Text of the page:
Selecting Products for Your Home: “All Natural” or “Processed”?
Are you someone who seeks out organic foods when you shop? Do you try to avoid additives in food and chemicals in cleaning products? Then you might also think that less-processed, natural building products (such as wood or stone) are what you should also incorporate into your home maintenance and remodeling projects.
There are, however, lots of new “engineered” choices available that actually involve more processing but are energy-efficient, cost-efficient, and healthy for the planet, your family, and your wallet.
“Engineered” products can also be “green”
Many building products today are “engineered” which means they go through a certain amount of processing. But that’s not bad in terms of being environmentally friendly, because most of these products are made from natural materials in ways that actually preserve resources. They combine elements to make the most of the positive features of each. Many engineered products are alternatives to wood and so they help prevent the widespread clearing of trees for building purposes.
An important factor to consider when selecting materials for a remodeling project is energy efficiency and its subsequent cost savings. Other considerations include the use of environmentally friendly materials that may be renewable, biodegradable when disposed, locally sourced to reduce transportation requirements, non-endangered, or non-toxic (and therefore healthier for people with allergy or chemical sensitivity issues). Engineered building products could be just what you need.
We love our hardwood floors, but solid plank wood flooring must be harvested from trees with long growth cycles: red and white oak, maple, and sometimes ash or birch. Bamboo and cork are highly renewable choices, but most bamboo flooring comes from the Asia Pacific region and cork comes from the Mediterranean. The energy requirements for transporting them here are significant.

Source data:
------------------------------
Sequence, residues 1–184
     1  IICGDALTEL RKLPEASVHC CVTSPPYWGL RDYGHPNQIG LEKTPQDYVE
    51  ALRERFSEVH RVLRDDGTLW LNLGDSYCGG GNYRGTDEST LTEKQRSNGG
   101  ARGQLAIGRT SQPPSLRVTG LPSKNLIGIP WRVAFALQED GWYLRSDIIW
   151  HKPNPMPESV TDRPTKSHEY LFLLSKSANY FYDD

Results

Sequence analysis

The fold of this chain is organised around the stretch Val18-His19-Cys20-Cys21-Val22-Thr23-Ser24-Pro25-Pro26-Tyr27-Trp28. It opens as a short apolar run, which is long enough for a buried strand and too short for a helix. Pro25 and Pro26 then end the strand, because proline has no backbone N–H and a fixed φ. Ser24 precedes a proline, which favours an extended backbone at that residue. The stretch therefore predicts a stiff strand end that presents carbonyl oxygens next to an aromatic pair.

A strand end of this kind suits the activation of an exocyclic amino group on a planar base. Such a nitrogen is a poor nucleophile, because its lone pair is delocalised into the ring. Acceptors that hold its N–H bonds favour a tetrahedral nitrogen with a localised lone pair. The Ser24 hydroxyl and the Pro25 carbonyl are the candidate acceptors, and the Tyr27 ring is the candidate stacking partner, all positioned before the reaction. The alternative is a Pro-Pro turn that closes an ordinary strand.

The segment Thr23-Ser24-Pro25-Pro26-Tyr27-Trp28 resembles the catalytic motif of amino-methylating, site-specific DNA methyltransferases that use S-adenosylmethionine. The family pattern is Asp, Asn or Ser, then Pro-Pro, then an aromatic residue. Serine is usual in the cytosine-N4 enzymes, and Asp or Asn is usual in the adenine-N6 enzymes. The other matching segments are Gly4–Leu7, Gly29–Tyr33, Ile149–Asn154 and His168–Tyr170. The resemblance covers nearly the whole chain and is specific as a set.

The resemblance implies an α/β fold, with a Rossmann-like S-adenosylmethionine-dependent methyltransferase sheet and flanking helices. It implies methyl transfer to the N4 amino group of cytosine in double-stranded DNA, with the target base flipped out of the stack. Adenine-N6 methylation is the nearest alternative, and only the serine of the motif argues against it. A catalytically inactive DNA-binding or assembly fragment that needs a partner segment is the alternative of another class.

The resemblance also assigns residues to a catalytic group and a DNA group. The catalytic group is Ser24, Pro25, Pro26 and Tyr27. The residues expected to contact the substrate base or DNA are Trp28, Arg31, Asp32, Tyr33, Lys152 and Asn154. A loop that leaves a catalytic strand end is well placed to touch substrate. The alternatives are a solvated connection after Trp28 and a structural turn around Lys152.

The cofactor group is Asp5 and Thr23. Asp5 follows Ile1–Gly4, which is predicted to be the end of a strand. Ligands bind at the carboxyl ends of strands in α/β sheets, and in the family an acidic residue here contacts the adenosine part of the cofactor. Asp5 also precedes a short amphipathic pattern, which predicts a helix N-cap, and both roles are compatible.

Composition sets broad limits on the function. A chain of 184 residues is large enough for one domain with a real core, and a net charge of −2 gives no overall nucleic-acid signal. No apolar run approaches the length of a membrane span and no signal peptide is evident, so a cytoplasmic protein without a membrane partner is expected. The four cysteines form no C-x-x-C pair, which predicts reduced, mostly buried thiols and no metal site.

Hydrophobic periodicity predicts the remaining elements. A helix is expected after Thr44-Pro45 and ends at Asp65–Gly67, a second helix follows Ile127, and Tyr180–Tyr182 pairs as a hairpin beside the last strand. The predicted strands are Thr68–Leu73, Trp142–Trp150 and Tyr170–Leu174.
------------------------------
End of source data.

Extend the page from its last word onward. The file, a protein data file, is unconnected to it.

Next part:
Engineered wood flooring is not fake wood. It is made of several layers of plywood with a veneer of natural wood on top. This makes it a more sustainable option than solid planks, especially if you’re thinking of choosing an exotic wood like Rosewood. Choose carefully, though, because quality can vary widely depending on the veneer thickness. A high-quality engineered wood floor with a thicker veneer – between 2mm and 6mm – is very durable and can even be refinished. One really great feature of engineered wood floors is that they allow you to enjoy the beauty of hardwood in your finished basement. They can be installed in moisture and humidity-prone areas, such as a basement or over a concrete slab, where solid plank floors aren’t appropriate.
Granite is a beautiful, strong surface for counters, and there aren’t many downsides to selecting it for your kitchen. There is one big environmental downside, however, and that is the fact that granite is a product of mining operations and needs to be shipped, usually from Brazil, as large slabs. An alternative material, quartz, is an engineered stone that starts with about 93% crushed natural stone and combines it with 7% pigments and resins to make a surface that rivals a granite slab in performance. Quartz is non-porous, and resistant to stains, acid spills, mold, bacteria, and heat. Engineered stone, like granite, is mined, but it can be shipped as smaller chips and then fabricated into slabs at a manufacturing facility closer to its distributors.
If you’re thinking about remodeling your home and are concerned about the cost efficiency and environmental impact of the products used in the process, talk to us! We can help you make decisions that are both smart and beautiful for your home and family.